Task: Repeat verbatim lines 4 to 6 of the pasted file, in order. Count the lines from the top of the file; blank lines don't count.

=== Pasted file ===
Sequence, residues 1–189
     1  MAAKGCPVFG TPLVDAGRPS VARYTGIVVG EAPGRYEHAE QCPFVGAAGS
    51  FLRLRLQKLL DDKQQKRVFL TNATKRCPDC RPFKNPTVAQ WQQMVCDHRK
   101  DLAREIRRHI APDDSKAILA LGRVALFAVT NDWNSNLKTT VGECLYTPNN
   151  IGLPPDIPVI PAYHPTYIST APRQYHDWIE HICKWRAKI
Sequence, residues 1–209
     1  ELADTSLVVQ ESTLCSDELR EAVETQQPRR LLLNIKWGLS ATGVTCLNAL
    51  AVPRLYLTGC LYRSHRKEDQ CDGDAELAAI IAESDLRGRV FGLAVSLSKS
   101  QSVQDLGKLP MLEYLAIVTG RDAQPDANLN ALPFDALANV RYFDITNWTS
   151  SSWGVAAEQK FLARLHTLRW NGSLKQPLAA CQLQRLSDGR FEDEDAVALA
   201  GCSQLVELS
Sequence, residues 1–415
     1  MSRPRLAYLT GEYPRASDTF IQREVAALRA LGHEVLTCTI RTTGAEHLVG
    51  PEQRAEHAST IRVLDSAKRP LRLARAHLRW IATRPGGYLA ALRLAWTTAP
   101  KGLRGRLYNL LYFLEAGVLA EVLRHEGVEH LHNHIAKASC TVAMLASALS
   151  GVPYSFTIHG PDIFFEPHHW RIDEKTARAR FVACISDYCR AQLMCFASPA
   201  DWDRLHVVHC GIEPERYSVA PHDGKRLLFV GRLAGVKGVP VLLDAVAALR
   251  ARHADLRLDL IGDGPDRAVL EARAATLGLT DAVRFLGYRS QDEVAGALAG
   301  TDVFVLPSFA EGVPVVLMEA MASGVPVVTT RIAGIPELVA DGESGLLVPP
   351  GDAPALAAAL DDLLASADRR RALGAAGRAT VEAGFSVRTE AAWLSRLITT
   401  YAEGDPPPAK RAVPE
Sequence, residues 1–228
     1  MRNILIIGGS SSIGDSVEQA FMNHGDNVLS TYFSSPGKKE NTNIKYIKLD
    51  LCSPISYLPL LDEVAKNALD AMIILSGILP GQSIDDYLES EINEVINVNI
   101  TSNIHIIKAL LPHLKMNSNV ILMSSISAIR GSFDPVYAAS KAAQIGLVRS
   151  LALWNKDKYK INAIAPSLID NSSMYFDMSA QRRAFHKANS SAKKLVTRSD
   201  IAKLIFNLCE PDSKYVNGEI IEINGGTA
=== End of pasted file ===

   101  DLAREIRRHI APDDSKAILA LGRVALFAVT NDWNSNLKTT VGECLYTPNN
   151  IGLPPDIPVI PAYHPTYIST APRQYHDWIE HICKWRAKI
Sequence, residues 1–209